What you see is row upon row of gleaming fillets of halibut and grouper and salmon. You see the shiny scales of fresh rainbow trout. The fluffy pieces of catfish, begging to be battered and deep-fried. You see the neatly arranged shrimp, waiting to squirm their way into a bowl of pho or a stunning shrimp cocktail. You see the majestic king crab legs, full of lucious meat...
What you don't see is the struggle to lift heavy boxes of fish and the pain of falling with said boxes on an icy cooler floor. You don't see the scars on my brown hands from being stabbed repeatedly with shrimp tails, crab legs, and sharp knives. You don't see my ashy, puckered fingers at the end of a night, wrinkled from chemicals and cold.
You hear the loud hum of bone saws, cutting your porterhouse steaks, bone-in pork chops, and depending on who's there, frozen salmon. The friendly, helpful banter between employees and customers, and the P.A. system advertising the pharmacy and the discounted chickens in the Deli department.
What you don't hear is the soft, under-my-breath swears of frustration, the muted moans of pain as your muscles slowly cramp due to months of refridgeration. You don't hear the hateful shouts from the management that make you feel worthless and dumb. You don't hear my unconsolable, child-like weeping in the arms the love of my life, hopeless because he can't heal me.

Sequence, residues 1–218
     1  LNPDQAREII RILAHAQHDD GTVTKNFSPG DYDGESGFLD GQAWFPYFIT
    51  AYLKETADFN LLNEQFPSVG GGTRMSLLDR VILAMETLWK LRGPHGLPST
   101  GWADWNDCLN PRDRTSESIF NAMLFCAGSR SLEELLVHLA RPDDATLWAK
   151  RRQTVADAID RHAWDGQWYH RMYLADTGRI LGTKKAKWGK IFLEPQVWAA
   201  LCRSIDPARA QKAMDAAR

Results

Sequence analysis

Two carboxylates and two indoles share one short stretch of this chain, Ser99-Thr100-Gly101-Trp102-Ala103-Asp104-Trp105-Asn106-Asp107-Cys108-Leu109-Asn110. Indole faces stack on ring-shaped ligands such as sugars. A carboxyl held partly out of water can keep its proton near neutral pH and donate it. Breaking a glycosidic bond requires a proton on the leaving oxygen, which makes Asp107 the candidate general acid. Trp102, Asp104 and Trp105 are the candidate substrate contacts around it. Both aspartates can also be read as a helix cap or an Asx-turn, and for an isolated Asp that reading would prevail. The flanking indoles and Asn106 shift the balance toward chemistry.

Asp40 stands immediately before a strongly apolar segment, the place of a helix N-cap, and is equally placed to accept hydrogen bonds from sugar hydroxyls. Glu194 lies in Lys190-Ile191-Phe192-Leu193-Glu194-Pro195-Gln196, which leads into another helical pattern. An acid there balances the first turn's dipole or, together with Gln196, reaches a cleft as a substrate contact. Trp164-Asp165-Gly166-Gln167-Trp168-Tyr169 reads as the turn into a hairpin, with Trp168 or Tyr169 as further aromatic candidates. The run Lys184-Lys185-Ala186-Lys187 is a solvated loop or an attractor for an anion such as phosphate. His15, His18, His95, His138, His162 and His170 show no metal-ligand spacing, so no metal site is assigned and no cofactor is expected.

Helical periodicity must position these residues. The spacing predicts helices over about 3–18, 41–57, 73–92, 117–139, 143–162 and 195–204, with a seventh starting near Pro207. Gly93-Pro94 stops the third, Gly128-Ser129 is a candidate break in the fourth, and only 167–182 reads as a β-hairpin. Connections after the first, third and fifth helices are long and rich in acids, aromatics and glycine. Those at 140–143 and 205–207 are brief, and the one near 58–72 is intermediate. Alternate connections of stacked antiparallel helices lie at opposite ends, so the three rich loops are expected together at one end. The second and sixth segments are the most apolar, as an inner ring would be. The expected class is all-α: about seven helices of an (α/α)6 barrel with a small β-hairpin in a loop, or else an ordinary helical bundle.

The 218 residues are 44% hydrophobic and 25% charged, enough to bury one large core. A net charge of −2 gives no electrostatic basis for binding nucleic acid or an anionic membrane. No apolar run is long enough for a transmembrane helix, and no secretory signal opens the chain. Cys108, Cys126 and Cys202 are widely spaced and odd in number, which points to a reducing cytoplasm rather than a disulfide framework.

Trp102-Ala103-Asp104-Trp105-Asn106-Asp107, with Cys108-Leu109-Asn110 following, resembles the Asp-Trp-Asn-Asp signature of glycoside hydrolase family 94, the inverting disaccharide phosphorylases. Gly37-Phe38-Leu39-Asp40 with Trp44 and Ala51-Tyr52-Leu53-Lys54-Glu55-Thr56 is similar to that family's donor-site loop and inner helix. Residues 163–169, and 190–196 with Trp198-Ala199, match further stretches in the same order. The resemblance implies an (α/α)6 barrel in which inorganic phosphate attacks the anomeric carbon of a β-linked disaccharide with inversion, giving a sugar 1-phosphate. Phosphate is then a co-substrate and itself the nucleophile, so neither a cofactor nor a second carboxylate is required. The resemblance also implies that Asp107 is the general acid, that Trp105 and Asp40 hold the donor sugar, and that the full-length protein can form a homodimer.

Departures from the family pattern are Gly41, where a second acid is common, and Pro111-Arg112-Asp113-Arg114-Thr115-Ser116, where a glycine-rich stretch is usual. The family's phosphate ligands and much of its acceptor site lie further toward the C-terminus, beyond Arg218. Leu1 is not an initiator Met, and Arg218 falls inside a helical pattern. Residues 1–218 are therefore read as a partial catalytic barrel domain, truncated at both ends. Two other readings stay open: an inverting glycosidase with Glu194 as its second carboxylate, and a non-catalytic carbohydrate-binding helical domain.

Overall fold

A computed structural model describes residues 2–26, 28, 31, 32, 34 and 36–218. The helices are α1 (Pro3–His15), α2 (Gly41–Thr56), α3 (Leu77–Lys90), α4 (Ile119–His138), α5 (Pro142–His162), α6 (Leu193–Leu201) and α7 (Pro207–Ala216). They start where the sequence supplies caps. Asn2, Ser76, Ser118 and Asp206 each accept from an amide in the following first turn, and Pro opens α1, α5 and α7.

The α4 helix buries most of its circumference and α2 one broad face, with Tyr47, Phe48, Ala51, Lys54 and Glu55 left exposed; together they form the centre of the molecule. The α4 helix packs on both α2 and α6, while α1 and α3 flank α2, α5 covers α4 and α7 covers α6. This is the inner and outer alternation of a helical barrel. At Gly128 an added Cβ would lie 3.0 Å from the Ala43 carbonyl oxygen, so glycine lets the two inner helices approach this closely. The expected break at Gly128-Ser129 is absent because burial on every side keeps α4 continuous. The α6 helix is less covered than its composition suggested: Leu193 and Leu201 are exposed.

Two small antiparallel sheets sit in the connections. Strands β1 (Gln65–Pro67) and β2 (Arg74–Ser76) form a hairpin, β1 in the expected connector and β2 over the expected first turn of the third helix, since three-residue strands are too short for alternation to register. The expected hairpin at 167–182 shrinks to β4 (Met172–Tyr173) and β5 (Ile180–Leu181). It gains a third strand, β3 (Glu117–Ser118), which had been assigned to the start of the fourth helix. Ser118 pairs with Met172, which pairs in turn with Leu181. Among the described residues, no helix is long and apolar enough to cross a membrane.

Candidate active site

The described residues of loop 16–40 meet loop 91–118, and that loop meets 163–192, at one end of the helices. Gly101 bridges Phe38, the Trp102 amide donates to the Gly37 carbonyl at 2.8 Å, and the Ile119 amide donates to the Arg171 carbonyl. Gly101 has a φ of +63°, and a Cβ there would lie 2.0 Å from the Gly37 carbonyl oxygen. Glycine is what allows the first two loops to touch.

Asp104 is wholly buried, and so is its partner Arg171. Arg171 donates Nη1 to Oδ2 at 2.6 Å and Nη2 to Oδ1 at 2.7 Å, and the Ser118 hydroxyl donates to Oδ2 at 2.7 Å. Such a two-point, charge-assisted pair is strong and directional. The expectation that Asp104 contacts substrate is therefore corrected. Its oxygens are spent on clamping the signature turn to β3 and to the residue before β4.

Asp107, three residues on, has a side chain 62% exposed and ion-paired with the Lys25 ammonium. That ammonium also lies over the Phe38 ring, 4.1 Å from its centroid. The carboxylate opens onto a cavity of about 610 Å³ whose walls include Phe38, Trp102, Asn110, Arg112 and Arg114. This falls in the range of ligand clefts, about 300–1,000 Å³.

You smell the ocean-y scent of fresh, succelent sea scallops, and the clean, watermelon-like odor of organic Irish salmon. You smell the honey-soy-ginger marinade of chicken and vegetable kabobs, and the coconut and oreganato panko coating of the probably too old mahi-mahi fillets. You smell the strong, mouth-watering affair of steamed peel-and-eat shrimp and snow crab clusters, heavily spiced with Old Bitch Seasoning.
You don't smell the ammonia-based cleaner on the bathroom floor, snorted in, because of the severity of your sobs. You don't smell the expensive cologne on the store manager as you essentially beg for some type of feedback on what kind of job you are doing. You don't smell my nervous sweat as I wonder with every small mistake, if this will be the straw that broke the camel's back.
Because you don't have to. Every time I work, I deal with a fierce internal struggle between my pride and my common sense...